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For those of you who are unfamiliar with VIN CE, below you will find samples of 2 different Message Board discussions and a short excerpt from the transcript of the real-time conference room session for the Equine Reproduction course.
From the message boards ...
Thread: Uterine Lavage
I lavage the uterus once daily for 2 to 3 days after ovulation. I am concerned that repeated manipulations through the vagina may induce an iatrogenic infection -- as the vagina contains large quantities of bacteria. If a mare still has fluid in her uterus 2 to 3 days after ovulation, pregnancy rates decrease. Oxytocin loses its effectiveness 3 to 4 days after ovulation, as the number of oxytocin receptors decrease after ovulation.
When is uterine fluid a problem? In the 2003 AAEP proceedings Dr. Brinsko described a 2cm depth of fluid at estrus as significant. When can this fluid be ignored or managed with ecbolics alone and when is lavage necessary?
I take into consideration the type of mare that I am breeding, when I evaluate uterine fluid. If there is a small amount of fluid (less than 0.5 cm in a mare with a foal at side), I don't lavage before breeding, but I will after breeding. If it is a maiden mare that will be bred with frozen semen and her cervix is tight, I lavage before breeding and start her on Estrumate. If there is fluid in a barren mare, or a mare that had bacteria isolated from her uterus the cycle before, I consider it a problem and will lavage the uterus and sometimes re-culture. In my opinion, you need to put all your findings together and consider the age, status of the mare, and type of semen to be used when dealing with mares that have uterine fluid.
Thread: Mannose Treatment
Created by Jennifer Schwind:
I'd like opinions from the collective concerning Mannose uterine treatment. I used this on my own mare (with a persistantly Strep infected uterus) last year causing a purulent vaginal discharge, and I used it again this year to get reflux of increasingly cloudy to overtly purulent(-looking) material. Eventually the reflux cleared, I also treated with appropriate antibiotics, and the post-treatment culture was negative. I was, needless to write, concerned about the discharge and wondered if others had this experience?
Started using Mannose this season. Am very pleased with results on resistant infections, especially candida. Have used the product pre and post breeding in roughly 12 mares with no side effects. Did you do a cytology on the discharge/check for fungal organisms? Is this mare a urine pooler?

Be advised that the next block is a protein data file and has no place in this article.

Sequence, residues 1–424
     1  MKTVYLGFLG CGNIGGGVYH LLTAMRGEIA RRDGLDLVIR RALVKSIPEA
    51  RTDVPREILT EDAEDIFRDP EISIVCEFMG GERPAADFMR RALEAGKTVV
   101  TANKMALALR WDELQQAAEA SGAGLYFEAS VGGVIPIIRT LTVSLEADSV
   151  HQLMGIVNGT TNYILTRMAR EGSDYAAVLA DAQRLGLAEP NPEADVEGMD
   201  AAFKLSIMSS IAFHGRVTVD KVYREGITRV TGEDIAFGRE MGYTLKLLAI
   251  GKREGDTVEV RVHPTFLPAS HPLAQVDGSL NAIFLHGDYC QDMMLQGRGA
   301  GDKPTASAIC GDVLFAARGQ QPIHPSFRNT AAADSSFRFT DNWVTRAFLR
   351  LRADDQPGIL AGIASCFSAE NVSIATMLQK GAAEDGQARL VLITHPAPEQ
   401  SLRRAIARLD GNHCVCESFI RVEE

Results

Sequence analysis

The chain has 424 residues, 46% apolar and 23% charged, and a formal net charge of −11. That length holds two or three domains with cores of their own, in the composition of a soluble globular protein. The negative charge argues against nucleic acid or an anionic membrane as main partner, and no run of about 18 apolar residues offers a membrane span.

For those unfamiliar with mannose treatment, here is some background information -
Use of specific sugars to inhibit bacterial adherence to equine endometrium in vitro.
It is important that the mannose be removed from the uterus after a short period of time. It is a sugar that bacteria will attach to as it is a source of energy for the bacteria. If the Mannose is left in the mare's uterus for more than 30 minutes to an hour, the supplemental energy from the Mannose may result in bacterial multiplcation. Vaginal discharge appears to be pus. This discharge may be generated from the white blood cells, or the continued presence of bacteria. It is important that the concentration of Mannose is appropriate (see the reference in the reply above) for the bacteria that you are treating.
Dr. LeBlanc, Thank you for that piece of info. When I used Mannose on my mare last year, I did not remove it immediately. This year, I infused it, then refluxed immediately. I was 'impressed' with the appearance of the reflux. As I stated in my original post, the mare did culture negative after treatment, so it was successful.
Dr. Webb, This mare did not have a fungal infection nor is she a urine pooler. I did not do a cytology on the reflux, especially on the fourth treatment that appeared so bad. But as I wrote, the mare did culture negative after treatment. Another point is that when I did a saline lavage of the uterus after the last treatment with Mannose, the reflux was clear. Thanks for your expertise.
From the Real-Time Conference session...
If you won't be able to attend one of the real-time sessions for your CE course, you can read the full transcript of the session in the course library later. Here's a short excerpt from the recent Equine Reproduction: Infertility Topics joint VIN CE and AAEP course.
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